6 optimization strategies for electronic document management systems
Post on 16-Dec-2015
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6 Optimization Strategies for Electronic Document Management Systems
Section 6.9 Optimize
Optimization Strategies for
Electronic Document Management SystemsMany health care facilities preparing to adopt an electronic health record (EHR) have paper-based records for those they have treated. As part of your chart conversion and pre-load planning, you will need to determine whether to keep the paper records, scan all of these records, scan only records for active clients, or scan only parts of active clients records. Understanding the options for scanning and other forms of document managementand preparing to use such systemshelps manage the scanning process and supports use of the scanned record content.Time needed: 4 6 hours
Suggested other tools: Section 2.4 Visioning, Goal Setting, and Strategic Planning for EHR and HIE, Section 2.6 Workflow and Process Redesign for EHR and HIE, Section 2.13 Chart Conversion and Pre-Load Planning
How to Use
1. Review your chart conversion and pre-load planning to determine the potential size and nature of your scanning project.
2. Review the types of electronic document management systems (EDMS) to determine which type is most suitable for your facility.
3. Develop a plan for implementing EDMS.Types of EDMS
Different types of EDMS provide a continuum of features and functions, from simple to sophisticated. The following are the types of EDMS used most frequently in health care: Document scanning is performed using a scanner with scanning software that scans the document and enables it to be moved into a folder on a computer. The individual performing the scanning saves the scanned image of the document as a file and then saves it to an appropriate folder. This approach is satisfactory for occasional scanning, but is too time consuming for scanning health records in bulk (such as for scanning all archived records). Each document in a record could take 15 to 30 seconds to prepare, 15 to 30 seconds to scan, and 30 seconds to a minute or more to index (for a total of one to three minutes per page).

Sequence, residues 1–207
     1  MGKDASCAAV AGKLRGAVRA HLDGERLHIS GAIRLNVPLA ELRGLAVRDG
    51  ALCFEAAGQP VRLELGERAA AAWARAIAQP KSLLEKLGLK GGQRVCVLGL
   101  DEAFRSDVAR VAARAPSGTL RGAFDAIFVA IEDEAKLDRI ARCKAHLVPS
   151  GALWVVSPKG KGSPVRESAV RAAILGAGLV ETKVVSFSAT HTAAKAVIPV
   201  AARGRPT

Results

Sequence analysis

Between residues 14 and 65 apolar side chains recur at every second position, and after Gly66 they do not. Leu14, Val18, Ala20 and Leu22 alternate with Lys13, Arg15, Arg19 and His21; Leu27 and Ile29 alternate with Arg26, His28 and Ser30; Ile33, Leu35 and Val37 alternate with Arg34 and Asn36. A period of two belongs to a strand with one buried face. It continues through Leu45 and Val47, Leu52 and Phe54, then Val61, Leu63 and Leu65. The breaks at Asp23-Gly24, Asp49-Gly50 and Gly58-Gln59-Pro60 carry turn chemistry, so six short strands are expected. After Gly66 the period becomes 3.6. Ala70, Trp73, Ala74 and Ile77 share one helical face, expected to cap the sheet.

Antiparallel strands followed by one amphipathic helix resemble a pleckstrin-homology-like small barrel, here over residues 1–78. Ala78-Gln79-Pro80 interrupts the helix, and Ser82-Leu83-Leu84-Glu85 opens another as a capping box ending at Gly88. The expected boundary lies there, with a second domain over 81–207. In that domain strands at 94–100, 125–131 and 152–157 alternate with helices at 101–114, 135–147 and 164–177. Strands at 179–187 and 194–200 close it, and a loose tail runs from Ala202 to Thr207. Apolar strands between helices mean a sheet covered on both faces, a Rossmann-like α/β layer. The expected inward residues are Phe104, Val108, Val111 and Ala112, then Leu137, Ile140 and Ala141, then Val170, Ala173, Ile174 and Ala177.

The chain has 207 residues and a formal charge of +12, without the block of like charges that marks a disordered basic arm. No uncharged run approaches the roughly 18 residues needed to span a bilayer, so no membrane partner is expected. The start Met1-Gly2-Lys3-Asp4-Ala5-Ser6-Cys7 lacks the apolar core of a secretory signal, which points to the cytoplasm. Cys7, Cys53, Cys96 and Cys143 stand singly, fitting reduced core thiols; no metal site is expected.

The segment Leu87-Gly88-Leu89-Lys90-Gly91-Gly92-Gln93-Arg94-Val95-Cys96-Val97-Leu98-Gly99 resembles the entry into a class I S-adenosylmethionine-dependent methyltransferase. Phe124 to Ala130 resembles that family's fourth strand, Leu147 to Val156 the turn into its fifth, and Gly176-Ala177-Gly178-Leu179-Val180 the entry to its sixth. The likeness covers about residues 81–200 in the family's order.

Electronic document management systems (EDMS) help manage the indexing and filing of documents. This type of system is used for bulk scanning to archive and occasionally to retrieve scanned records. It is the most common form of scanning in health care. Within EDMS there are various levels of functionality: Basic indexing support is achievable using more sophisticated software that supports reading a leading separator sheet and sub-header separator sheets for each type of document (e.g., notes and orders) placed throughout the set of documents or record.
Automated indexing support use barcodes placed on each document that designates who the record belongs to and the type of document. Barcoded labels can be run for each record to be placed on a document. Labels can also be acquired to designate type of document or forms can be printed with the barcode designating the type of document so only names needs to be added. Software places each of the documents that are scanned into the appropriate folder and arranges the documents according to type. If the date each document was created is on the barcode label, the documents can be filed in date order within their type. Optical character recognition can also be used for indexing. The more indexing incorporated, the more time it takes to prepare the documents for scanning, but the easier they are to retrieve later.
Electronic feed of documents is a feature of EDMS that is important if your health professionals use dictation, receive electronic faxes (e-faxes), and/or receive email that need to be incorporated into your EHR. The ability to transmit the voice file, transcribed document, e-fax, or email directly to the EHR is a significant time saver rather. Alternatively, you have to print these out and scan them back into your system. In the past this functionality was referred to as computer-output to laser disk feed (COLD-feed). Today most of the electronic feeding of documents is performed on magnetic disks, but you may continue to hear references to COLD-feeding.